This week – on the 21st of November – Irish distance legend Eamonn Coghlan turned 70. In honour of the occasion, we take a look back at Coghlan’s rise to the top, then look at his greatest performances. We will then look at his career post-athletics and his extraordinary legacy.
Coghlan was born in Drimnagh in the south side of Dublin in 1952. Knock-kneed as a child, he wore corrective orthotics for a while until he grew and gradually overcame the problem. He loved cross-country and began to win age races in and around Dublin. Local coach Gerry Farnan worked with young Eamonn and helped improve his endurance – as well as his speed, which would serve him well throughout his career.
Like a number of Irishmen (Ronnie Delany, John Hartnett, Don Walsh et al), Coghlan won a scholarship to Villanova University and would join the legendary Jim ‘Jumbo’ Elliott, one of the great NCAA athletics coaches. Coghlan thrived in Jumbo’s system, which would include sessions of 20 x 440y with 60 seconds recovery and 15 mile runs in the brutal Pennsylvania winters. He showed rapid improvement under this regime and Elliott could see he had a potential world-beater on his hands.
Coghlan enjoyed success in college, winning four national NCAA titles and he dropped his mile PB by almost 20 seconds during his time in college. He became particularly adept at racing indoors. So successful was Coghlan indoors, he eventually earned the moniker ‘Chairman of the Boards’.
He ran his first sub-4 minute mile in Pittsburgh in 1975 (3.56.2) and soon took on Filbert Bayi (TAN) and Marty Liquori (USA) in a mile in Kingston, Jamaica, which was a world record attempt for Bayi. Bayi scraped inside Jim Ryun’s world record (3.51.0) with Liquori second in 3.52.2. Coghlan ran a European record in third (3.53.3).
Coghlan had an incredibly successful career in the sport – indoors and outdoors – winning major races all over the world and running several national, European and world records. Here are his greatest career performances.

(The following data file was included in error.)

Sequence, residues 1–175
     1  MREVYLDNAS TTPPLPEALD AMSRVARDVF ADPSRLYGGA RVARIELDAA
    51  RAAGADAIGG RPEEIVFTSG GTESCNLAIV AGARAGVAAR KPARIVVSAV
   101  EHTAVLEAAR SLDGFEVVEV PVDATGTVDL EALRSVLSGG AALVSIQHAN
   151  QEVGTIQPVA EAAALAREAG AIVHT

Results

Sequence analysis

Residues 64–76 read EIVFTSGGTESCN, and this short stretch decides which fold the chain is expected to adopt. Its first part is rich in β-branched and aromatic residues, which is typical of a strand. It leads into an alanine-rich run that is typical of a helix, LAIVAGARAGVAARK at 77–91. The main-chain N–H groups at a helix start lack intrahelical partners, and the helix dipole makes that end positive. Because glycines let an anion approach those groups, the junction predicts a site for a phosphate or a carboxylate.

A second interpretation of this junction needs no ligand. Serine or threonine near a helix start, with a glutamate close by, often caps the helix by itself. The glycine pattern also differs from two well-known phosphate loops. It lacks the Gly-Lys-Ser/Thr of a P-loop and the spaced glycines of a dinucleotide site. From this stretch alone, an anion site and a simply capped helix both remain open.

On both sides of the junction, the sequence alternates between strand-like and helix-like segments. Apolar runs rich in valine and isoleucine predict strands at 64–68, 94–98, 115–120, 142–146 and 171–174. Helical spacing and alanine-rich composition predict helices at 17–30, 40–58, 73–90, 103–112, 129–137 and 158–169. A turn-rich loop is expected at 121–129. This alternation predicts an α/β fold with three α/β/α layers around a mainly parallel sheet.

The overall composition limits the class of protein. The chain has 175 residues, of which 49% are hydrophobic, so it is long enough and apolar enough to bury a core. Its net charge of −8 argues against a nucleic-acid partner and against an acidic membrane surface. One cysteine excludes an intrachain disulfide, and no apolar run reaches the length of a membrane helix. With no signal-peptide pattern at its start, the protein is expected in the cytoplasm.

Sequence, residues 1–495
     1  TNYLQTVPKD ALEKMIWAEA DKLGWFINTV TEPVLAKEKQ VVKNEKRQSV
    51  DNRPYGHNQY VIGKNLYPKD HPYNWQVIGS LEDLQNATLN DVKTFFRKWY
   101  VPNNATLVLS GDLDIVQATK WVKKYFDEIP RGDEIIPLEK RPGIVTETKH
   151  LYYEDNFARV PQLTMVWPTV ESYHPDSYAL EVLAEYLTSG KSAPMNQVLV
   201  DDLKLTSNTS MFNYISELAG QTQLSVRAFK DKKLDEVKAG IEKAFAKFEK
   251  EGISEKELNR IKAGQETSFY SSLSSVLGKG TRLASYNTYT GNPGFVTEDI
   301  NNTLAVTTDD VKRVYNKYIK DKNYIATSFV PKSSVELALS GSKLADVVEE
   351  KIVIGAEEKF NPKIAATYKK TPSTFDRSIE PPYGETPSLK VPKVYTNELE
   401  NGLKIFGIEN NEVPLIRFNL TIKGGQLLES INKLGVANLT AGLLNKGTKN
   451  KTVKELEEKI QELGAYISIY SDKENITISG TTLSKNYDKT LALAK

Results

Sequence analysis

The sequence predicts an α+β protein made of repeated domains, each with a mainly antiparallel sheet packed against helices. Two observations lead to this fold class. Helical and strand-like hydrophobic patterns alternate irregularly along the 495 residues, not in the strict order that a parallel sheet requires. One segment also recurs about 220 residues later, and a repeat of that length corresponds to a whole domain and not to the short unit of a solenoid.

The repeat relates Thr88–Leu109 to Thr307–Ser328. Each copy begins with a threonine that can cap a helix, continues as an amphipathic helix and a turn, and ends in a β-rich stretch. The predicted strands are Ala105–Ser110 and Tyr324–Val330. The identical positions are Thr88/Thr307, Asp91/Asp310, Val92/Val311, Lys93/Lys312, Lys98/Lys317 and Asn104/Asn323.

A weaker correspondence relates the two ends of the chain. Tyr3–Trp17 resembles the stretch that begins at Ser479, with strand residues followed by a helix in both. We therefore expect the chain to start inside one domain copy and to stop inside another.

World Championships, 5000m. Helsinki, Finland, August 1983:
Winning gold here in the inaugural World Championships was Coghlan’s greatest achievement. It was vindication for Coghlan, as he had emphatically proved the doubters wrong. He had disappointments over his career, most notably his two fourth place finishes in Olympic finals (Montreal 1500m ’76 & Moscow 5000m ’80) and his poor tactical race in Montreal still rankles.
Achilles problems and stress fractures kept him out of the 1982 European Championships, but Coghlan had returned to peak fitness. His world indoor mile record in February and some big wins and fast times over the summer gave him the confidence that he could take on anyone.
Coghlan cruised through the opening rounds and was ready for the race of his life. The final would be without world record-holder Dave Moorcroft (GBR), though European champion Thomas Wessinghage (FRG), Doug Padilla (USA), local hero Martti Vainio (FIN), Wodajo Bulti (ETH), Julian Goater (GBR), Markus Ryfell (SUI), Werner Schildhauer (GDR) and an unknown Soviet Dimitriy Dimitriyev would be among the 15 finalists.
It was a slow pace early. Krokhmaliuk (URS) led at 1km (2.43.30) and the 2km split was 5.34.15. Goater surged to the front at about halfway and then Dimitriyev took over and led at 3km (8.19.52). At 4km (11.03), Dimitriyev injected some pace and opened a small gap. With 600m to go, Dimitriyev had a lead of 15 metres and Coghlan began to chase hard, closing in on the Russian with about 350m to go. Wessinghage was struggling and was passed by Schildhauer and Vainio. With 200m to go, Coghlan and Dimitriyev were ten metres up on the pack and Coghlan was cruising.
There was 150m to go and Coghlan was on Dimitriyev’s shoulder, ready to pounce. Coghlan realized the race was his and his fist pump, after he glanced back at the chasers and snuck a look at Dimitriyev, was one of the iconic images of the Championships.
With 120m left, Coghlan shifted gears and sped away from the Russian. He crossed the line, arms aloft, in 13.28.53, almost 15m up on Schildhauer (13.30.20), with Vainio just out dipping Dimitriyev for the bronze (13.30.34 to 13.30.38). Wessinghage was 6th in 13.32.46. Coghlan’s last 1km was run in about 2.24 and he had finally captured a global title.
Like John Treacy at Limerick in ’79, Ronnie Delany in Melbourne in ’56 and Sonia O’Sullivan’s cross-country double in Morocco in ’98, Coghlan’s win was one of the great moments in Irish athletics history. That afternoon (14/8/83), there was a special moment at a major rock concert at Dublin’s Phoenix Park. Supergroups like Simple Minds, the Eurythmics and others were performing and news of Coghlan’s victory came through. Paul Hewson, the lead singer of a local Dublin band playing that day, announced Coghlan’s win to a huge roar from the crowd.